This diabetes power point was presented at an adult community center in Queens, New York called QCP. This power point highlights the importance of educating yourself on disease and more specifically diabetes. Unlike other diseases that can be managed using only medication, diabetes requires day to day knowledge of the disease including nutrition, exercise and different levels of medication. Type II diabetes can also come on later in life based on diet and exercise or lack thereof. Therefore this power point presentation was important to help people understand how to deal with diabetes and how to prevent diabetes.
This teaching plan includes education for both prevention and management of the disease. The power point presentation first describes what type of disease that diabetes is and what exactly the symptoms are. The teaching plan goes on to discuss the three different types of diabetes including Type I, Type II and gestational diabetes. Following along the teaching plan teaches how diabetes is diagnosed and what type of symptoms people have when they have diabetes. This helps people better understand the disease and what their symptoms mean and what causes it. The teaching plan is careful to differentiate between pre-diabetes and diabetes to make sure that people understand the difference before they experience the full blown disease. My teaching plan includes simple learning devices to help the audience remember important facts including the ABC’s of diabetes management. The teaching plans follows up with showing the audience how to delay or prevent type II diabetes which is one of the most important aspects to teach the audience because it is a preventable form of diabetes.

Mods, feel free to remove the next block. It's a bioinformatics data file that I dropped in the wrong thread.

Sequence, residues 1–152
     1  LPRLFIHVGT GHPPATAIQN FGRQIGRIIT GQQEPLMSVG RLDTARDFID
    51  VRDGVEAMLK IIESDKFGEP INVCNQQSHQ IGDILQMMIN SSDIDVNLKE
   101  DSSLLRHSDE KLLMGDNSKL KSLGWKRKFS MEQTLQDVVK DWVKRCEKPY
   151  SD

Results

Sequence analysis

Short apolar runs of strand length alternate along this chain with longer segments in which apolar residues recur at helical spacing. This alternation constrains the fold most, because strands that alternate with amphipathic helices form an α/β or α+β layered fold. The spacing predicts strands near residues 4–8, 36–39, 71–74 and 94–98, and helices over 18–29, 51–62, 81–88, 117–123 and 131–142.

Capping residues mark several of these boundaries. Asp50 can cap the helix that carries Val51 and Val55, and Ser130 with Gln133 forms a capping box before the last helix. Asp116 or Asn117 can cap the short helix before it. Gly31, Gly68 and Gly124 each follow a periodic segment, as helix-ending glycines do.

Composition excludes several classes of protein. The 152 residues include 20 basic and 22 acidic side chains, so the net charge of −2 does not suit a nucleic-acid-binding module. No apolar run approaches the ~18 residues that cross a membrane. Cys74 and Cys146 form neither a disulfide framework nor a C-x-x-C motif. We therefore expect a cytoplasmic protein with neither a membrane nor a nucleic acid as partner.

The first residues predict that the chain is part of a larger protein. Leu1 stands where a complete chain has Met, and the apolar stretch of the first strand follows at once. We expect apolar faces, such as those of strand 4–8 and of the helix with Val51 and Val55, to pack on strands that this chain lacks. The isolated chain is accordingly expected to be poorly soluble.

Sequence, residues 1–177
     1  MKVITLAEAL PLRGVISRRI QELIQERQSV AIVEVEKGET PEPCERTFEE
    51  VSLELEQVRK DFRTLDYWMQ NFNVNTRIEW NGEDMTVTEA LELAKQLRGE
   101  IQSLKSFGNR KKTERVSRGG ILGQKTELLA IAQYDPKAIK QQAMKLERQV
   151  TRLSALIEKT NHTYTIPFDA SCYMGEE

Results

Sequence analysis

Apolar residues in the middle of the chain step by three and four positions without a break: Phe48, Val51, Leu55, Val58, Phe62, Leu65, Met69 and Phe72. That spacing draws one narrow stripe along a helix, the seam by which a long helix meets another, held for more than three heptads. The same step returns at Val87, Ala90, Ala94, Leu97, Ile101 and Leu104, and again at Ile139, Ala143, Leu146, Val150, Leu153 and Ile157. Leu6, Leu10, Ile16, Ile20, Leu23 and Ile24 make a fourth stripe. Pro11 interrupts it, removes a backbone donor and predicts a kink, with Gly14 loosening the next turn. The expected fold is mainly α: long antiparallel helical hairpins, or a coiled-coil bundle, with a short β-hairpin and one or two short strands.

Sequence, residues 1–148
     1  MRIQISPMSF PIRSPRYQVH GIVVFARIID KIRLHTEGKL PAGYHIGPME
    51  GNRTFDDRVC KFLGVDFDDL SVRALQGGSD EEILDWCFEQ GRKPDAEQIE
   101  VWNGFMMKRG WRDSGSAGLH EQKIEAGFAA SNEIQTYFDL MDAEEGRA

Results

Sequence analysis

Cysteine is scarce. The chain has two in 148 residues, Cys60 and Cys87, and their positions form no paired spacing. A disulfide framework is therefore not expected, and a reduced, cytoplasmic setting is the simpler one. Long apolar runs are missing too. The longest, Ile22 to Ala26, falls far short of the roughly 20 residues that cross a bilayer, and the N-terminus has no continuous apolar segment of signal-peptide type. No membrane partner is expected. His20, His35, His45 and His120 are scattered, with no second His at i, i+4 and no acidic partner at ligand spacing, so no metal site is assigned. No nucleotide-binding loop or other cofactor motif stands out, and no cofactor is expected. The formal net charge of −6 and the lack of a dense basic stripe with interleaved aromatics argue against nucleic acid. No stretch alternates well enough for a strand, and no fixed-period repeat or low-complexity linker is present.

My teaching plan was to explain as simple as possible to my audience the forms of diabetes and the way to protect themselves from developing one or protect themselves from making their symptoms worst. As I observed the audience, they were very engaged in the discussion especially when it came to what type of factors affect their chances of getting diabetes. I did not strictly stay on point with my power point but I gauged the reactions of the audience and added information to sections that they seemed the most interested in. Overall, I believe my teaching plan worked well because I was able to discuss medical aspects of the disease while also making diabetes education relevant to the lives of my audience.
Epidemiology is the study of how disease spreads and can be controlled. In this situation diabetes is not a disease that can be “caught” in the technical sense of the term. Diabetes is not contagious from one person to another. However, there is an important epidemiologic consideration for diabetes, especially Type II, because of a culture of obesity. There is an increase in the rate of Type II, especially in children. For my audience, I had to consider that people that had an excess of body fat and bodies that are obese were at a higher risk for diabetes. In this country there is an increase in diabetes and this is how the disease of diabetes is spreading. As part of my presentation to address the epidemiological concerns I addressed the type of test results that people can look at in order to decrease their risk for diabetes. Most importantly the numbers to watch include cholesterol and the other two big considerations are to lower blood pressure and decrease weight.